Mon 21 Jun 2021

What Every Programmer Should Know About SSDs

Solid-State Drives (SSDs) based on flash have largely replaced magnetic disks as the standard storage medium. From the perspective of a programmer, SSDs and disks look very similar: both are persistent, enable page-based access through file systems and system calls, and have large capacities.

However, there are also important differences, which become important if one wants to achieve optimal SSD performance. As we will see, SSDs are more complicated and their performance behavior can appear quite mysterious if one simply thinks of them as fast disks. The goal of this post is to provide an understanding of why SSDs behave the way they do, which can help creating software that is capable of exploiting them. (Note that I discuss NAND flash, not Intel Optane memory, which has different characteristics.)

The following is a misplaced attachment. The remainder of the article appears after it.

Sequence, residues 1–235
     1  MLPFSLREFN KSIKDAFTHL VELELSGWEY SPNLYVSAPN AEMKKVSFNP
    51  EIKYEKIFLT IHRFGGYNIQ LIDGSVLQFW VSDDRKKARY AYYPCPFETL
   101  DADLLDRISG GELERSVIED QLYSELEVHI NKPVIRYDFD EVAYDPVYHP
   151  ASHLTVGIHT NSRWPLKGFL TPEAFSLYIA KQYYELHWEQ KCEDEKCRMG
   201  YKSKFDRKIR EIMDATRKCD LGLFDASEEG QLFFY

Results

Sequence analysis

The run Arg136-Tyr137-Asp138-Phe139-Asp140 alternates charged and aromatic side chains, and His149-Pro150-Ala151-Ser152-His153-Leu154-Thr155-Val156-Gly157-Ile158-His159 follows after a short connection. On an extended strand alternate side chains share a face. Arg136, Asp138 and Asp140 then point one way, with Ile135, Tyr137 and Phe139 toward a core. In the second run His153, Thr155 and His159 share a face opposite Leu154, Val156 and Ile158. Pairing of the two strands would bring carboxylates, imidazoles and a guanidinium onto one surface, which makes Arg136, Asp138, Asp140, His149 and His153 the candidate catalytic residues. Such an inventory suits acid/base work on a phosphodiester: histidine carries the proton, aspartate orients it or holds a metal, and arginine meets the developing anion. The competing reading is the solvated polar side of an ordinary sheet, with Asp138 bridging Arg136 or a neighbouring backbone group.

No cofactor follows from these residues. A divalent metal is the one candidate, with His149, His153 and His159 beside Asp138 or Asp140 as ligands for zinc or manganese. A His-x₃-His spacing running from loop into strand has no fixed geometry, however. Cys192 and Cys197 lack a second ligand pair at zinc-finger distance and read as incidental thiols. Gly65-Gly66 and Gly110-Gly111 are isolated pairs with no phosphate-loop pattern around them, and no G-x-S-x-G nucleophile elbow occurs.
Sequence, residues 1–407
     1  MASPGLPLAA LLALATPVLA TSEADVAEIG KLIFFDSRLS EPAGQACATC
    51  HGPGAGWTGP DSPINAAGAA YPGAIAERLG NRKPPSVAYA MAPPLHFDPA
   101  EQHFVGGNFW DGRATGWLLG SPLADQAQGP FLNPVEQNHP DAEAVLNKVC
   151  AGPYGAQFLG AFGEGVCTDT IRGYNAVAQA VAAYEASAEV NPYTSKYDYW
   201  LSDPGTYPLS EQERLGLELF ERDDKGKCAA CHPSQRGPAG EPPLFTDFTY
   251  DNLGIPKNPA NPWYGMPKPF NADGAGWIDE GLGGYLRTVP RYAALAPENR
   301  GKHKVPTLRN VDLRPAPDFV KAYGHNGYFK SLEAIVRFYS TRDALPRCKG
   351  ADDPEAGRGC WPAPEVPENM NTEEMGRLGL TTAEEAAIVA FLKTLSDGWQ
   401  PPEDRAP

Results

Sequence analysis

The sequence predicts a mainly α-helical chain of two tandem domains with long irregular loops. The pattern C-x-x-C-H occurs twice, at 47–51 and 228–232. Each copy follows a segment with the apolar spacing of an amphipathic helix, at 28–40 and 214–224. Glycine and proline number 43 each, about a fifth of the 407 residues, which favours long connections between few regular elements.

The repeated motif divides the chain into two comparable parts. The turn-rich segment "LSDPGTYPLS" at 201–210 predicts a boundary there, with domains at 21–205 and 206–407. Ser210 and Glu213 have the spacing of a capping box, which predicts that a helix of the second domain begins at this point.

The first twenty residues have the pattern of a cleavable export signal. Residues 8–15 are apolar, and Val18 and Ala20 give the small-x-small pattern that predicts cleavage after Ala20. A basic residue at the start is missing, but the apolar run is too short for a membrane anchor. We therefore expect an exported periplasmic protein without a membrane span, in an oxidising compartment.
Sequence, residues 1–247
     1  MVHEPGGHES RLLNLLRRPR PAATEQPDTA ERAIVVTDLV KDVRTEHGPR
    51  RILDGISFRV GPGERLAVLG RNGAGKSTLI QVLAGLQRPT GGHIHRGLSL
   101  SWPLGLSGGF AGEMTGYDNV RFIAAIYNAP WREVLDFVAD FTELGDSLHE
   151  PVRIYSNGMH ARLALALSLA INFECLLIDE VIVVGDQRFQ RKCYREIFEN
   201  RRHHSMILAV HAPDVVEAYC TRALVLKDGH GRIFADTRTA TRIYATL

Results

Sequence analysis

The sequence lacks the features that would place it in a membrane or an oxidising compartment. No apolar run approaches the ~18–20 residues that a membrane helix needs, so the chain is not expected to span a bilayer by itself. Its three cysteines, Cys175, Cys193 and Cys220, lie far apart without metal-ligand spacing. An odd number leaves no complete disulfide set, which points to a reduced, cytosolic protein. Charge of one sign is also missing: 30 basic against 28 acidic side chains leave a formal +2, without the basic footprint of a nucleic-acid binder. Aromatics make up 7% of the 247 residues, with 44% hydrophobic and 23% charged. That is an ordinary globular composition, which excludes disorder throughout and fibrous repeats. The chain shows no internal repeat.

Source: What Every Programmer Should Know About SSDs, an article by Viktor Leis.

What is memory safety and why does it matter?

Memory safety is a property of some programming languages that prevents programmers from introducing certain types of bugs related to how memory is used. Since memory safety bugs are often security issues, memory safe languages are more secure than languages that are not memory safe.

Memory safe languages include Rust, Go, C#, Java, Swift, Python, and JavaScript. Languages that are not memory safe include C, C++, and assembly.

Source: What is memory safety and why does it matter?

What’s new in SwiftUI for iOS 15

Expectations were always going to be high for SwiftUI this year, but the team didn’t disappoint – they’ve shipped a massive collection of improvements and features, including a new AsyncImage view for loading remote images, swipe actions for list rows, pull to refresh, plus shorter, simpler APIs for common uses. Alongside huge improvements to Swift itself (see What's new in Swift 5.5 for more on that), this is another significant leap forward for SwiftUI and I’m really keen to dive in.

Source: What’s new in SwiftUI for iOS 15, an article by Paul Hudson.